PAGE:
US trade deficit with Mexico hits near 10-year high

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US trade deficit with Mexico climbed to a near 10-year high in March, as the collapse in the peso triggered by Donald Trump’s presidential victory continues to fuel demand for goods made south of the border.

The trade gap in goods with Mexico stood at $7.03bn in March, a 30 per cent jump compared to the year-ago period and the highest level since October 2017.

The rise comes as the peso suffered a 17 per cent collapse in value against the greenback last year. Despite rallying more than 9 per cent since the start of the year, the peso, which is currently trading at around the 19 per dollar mark, remains some ways off from the 13 per dollar level it was trading at in 2014.

While the March trade deficit is the biggest deficit ever recorded for that month and the third worst month ever since records began in 1985, it should be noted that the data are not seasonally adjusted and do not take into account of inflation.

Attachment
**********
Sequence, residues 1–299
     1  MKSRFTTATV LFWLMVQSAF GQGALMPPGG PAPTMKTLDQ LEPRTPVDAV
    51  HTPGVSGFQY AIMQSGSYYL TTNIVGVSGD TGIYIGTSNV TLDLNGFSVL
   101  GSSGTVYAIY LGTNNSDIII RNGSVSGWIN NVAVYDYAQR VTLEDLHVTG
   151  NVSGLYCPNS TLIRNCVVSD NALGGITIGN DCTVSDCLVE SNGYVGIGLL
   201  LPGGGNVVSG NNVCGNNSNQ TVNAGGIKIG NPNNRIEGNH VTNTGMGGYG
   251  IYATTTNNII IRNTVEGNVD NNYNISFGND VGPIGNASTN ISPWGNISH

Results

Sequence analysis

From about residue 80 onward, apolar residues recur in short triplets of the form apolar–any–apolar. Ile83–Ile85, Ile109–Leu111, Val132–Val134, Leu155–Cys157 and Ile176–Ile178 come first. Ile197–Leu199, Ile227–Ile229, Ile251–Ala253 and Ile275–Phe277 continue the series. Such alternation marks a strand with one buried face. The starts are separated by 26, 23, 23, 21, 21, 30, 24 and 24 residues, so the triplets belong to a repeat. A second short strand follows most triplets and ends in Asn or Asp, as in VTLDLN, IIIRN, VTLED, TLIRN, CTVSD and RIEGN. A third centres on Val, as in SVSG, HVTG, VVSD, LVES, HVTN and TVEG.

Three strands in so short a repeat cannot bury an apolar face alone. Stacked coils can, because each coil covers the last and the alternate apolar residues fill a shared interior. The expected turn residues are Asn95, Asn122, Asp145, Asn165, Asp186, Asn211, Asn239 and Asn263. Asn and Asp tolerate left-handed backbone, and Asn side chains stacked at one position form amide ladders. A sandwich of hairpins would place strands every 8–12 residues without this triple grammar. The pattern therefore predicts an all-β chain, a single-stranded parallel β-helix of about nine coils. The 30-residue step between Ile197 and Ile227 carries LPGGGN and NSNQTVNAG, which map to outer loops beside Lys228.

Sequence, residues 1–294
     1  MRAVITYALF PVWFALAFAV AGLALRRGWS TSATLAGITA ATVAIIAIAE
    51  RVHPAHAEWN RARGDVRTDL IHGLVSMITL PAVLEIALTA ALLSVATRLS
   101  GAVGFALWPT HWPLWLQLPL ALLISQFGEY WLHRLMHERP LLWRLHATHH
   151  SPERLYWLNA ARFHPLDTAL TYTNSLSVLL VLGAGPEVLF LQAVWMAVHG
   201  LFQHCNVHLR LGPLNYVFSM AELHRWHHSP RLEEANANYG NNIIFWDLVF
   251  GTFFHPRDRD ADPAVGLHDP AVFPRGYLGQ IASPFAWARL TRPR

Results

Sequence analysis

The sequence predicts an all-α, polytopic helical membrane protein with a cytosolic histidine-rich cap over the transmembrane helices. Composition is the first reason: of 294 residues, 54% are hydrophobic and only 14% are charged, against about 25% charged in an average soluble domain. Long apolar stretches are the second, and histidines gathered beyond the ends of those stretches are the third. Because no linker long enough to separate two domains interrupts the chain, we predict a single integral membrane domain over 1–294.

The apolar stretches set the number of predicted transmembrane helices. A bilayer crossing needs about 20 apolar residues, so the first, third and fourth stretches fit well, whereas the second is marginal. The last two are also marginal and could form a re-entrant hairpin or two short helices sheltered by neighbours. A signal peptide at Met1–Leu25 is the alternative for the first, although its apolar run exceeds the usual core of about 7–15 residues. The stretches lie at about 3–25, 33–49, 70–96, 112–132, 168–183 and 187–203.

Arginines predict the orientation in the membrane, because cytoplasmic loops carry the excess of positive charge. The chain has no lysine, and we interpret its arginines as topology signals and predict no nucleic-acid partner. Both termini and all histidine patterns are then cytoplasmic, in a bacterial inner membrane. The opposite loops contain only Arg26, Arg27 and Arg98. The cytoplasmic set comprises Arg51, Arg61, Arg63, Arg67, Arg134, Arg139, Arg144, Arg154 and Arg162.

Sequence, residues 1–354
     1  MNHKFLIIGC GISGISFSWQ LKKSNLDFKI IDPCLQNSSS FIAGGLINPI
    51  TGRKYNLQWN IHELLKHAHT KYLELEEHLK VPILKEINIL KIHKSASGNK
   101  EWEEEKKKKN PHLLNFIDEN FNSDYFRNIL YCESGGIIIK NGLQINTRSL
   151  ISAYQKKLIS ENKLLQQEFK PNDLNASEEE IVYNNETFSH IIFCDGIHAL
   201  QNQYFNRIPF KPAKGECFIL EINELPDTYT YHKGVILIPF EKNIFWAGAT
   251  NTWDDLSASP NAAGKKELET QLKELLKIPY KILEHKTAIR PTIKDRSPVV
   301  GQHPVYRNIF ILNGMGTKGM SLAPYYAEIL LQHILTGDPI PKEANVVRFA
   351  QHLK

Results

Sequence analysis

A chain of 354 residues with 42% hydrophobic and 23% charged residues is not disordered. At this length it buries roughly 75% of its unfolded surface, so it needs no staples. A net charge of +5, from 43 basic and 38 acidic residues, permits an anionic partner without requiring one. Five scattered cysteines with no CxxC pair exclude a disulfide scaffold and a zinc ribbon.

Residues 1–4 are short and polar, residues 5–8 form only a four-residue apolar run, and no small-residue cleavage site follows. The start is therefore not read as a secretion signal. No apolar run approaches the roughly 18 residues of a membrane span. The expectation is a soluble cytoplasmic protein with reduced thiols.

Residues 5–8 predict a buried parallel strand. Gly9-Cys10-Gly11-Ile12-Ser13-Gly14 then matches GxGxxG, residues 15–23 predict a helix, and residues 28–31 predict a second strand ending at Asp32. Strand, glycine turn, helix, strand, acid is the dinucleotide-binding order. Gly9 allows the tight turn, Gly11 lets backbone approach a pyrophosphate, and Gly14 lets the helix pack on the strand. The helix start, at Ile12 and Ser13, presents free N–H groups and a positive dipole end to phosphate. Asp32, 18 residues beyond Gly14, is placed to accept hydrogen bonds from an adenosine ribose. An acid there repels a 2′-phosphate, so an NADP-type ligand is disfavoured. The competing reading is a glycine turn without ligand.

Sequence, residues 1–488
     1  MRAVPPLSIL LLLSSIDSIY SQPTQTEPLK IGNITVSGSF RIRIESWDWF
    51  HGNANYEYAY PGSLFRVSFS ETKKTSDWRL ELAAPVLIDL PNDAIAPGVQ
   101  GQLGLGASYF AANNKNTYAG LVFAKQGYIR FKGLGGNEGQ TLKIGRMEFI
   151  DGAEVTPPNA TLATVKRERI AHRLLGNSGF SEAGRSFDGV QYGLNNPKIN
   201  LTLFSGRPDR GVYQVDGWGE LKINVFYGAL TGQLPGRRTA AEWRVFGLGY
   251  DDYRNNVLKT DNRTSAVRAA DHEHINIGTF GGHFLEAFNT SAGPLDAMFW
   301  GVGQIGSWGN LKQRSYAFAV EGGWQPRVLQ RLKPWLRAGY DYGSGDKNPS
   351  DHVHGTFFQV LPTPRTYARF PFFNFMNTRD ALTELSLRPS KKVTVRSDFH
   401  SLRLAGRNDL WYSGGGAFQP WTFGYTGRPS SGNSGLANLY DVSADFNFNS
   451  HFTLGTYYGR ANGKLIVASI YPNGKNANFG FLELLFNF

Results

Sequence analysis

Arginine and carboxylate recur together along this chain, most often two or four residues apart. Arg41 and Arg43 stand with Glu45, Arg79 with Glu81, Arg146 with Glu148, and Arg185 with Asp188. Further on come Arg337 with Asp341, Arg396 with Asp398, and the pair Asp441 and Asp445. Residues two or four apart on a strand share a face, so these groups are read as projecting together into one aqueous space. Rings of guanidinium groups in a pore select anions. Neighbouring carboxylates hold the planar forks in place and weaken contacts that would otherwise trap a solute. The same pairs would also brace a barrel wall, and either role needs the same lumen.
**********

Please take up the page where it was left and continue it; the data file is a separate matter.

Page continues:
Still, the latest trade reading is likely to be seized upon by the Trump administration as ammunition ahead of its talks to renegotiate the two-decade-old North American Free Trade Agreement with Mexico and Canada.

Throughout his election campaign, Mr Trump has used the US’s trade deficit with Mexico and the likes of China as reason to ramp up protectionist trade policies.

True, there is no denying that the US is buying more goods from Mexico, with imports setting a record high of $28bn in March as companies took advantage of the weaker peso.

The flip side, however, is that US is also selling more stuff than ever south of the border, with exports to Mexico totalling $21.02bn in March, compared to the $18.1bn recorded in February and the $19.22bn recorded in the prior year period.

It’s easy to long for the days when the US had the upper hand in trade with Mexico. The last time the US ran a trade surplus with Mexico was in 1994, when it exported $1.3bn more to its southern neighbour than it imported.

But that argument also misses the point that trade between Mexico and the US has grown exponentially since 1994. Back then, the US exported just $50.8bn worth of goods to Mexico, compared to the $230.9bn of goods it sold to Mexico in 2016.

Is getting back a $1.3bn surplus worth jeopardising the $180bn in export gains seen over the past 23 years? That’s the question the Trump administration should consider.

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